Take a look at this pic:
There is something obviously wrong depicted here in this sculpture from the upcoming video game, FireFall. This "something" is a recurring theme that has always raised a tiny red flag in the back of my mind. By tiny, I mean about the size of those used by cable guys to mark where a line is under your yard. There was something amiss but it took a perceptive soul to point it out. Once they did, it was glaringly obvious that there was something rotten in Denmark. The statement was in this article on MSNBC.com.
Body armor for women in fiction is just completely unfair. There is little if any logic or protective benefit from it. Why, you'd think that by the way it is designed, it's meant exclusively for prurient appeal. Being a man, that's probably why it has taken me so long to finally snap-to and say, "that would never be good in combat." Imagine if you're wearing what that woman is in the above pic and you're supposedly in a sci-fi action environment with bullet and laser fire everywhere and perhaps even spiky, creepy crawly creatures. Don't you think you might want to cover those gams? Take a look at the comic book character, Witchblade:
Now what kind of tactical sense does that make? I suppose it could be that since these video game and other fictional female characters are tough as nails and kick ass and take names, they might get overheated in too much armor from all that jumping, twirling, and fighting.
Oh who am I kidding? This is an exploitation of my hormones as a male consumer. I've been manipulated! Bamboozled! Not that I'm complaining all that much but it is somewhat embarrassing when I stop and think about it. Let's be honest, this kind of thing has been going on for a long time.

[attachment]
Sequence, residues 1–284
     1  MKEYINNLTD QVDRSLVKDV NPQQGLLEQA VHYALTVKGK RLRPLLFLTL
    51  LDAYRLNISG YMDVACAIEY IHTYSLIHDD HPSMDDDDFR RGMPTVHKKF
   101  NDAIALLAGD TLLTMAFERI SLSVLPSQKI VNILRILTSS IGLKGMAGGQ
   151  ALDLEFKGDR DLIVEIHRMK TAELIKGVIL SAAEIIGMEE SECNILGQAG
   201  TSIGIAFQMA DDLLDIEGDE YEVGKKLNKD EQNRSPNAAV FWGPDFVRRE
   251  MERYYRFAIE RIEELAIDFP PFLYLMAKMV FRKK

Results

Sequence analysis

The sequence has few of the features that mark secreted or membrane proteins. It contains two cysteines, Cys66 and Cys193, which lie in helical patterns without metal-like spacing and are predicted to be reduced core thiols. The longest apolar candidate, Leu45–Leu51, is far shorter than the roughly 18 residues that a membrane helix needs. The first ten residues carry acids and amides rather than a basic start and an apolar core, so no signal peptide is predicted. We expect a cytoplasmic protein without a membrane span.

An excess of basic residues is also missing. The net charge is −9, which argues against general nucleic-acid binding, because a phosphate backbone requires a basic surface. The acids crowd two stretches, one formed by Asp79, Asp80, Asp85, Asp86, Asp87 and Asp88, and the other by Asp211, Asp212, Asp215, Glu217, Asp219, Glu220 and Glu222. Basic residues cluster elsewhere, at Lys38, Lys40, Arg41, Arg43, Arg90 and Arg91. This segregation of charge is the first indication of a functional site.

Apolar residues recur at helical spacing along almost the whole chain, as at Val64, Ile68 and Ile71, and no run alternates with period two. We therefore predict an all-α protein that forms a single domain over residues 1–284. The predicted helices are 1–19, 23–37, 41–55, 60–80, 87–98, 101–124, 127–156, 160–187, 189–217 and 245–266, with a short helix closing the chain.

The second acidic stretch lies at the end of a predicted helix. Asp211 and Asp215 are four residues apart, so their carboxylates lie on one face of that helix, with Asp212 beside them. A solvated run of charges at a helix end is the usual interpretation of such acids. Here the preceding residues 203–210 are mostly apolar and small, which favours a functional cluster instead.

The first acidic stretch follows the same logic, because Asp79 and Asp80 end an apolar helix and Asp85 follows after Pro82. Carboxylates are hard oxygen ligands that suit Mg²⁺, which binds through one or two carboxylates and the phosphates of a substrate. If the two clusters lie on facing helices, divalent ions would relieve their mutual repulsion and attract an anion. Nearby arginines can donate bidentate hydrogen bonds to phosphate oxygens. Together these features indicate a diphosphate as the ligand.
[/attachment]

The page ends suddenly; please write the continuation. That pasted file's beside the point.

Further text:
Take Wonder Woman for example. I won't post a pic of her because I think that most everyone is familiar with her appearance, nor will I go into all the more kinkerific aspects of her character that creator Marston instilled. That could be a post in and of itself. But again, Wonder Woman is an Amazon warrior and though her skin is very difficult to harm, her outfit doesn't make much sense for combat. Just, you know, seems to leave a whole lot of area exposed. Cooler heads seemed to be prevailing at DC there for a time, giving her something to cover her legs and a jacket, but I think that might all be getting tossed by the wayside with this reboot. Another example of female outfitting that makes sense is The Baroness from G.I. Joe:
See? Sensible, practical, yet sexy as all hell. You really can have it all if you just try a little. And I'm talking just a little.
I know that T&A sells, especially to such a male-dominated community as geekdom...although that majority is growing slimmer by the day and I'm just fine with that. My point is that if we're going through the trouble of creating and maintaining female characters who are tough and complex yet fully retain their sexuality (and it is indeed trouble that should be undertaken), why not make their apparel reflect that?I know that the "scantily-clad female warrior" look will never fully go away. It's just pure eye candy and it sells too darned well. I do, however, think it's time for a sensible approach to it and a reduction of the "babe quotient" when it comes to female characters.
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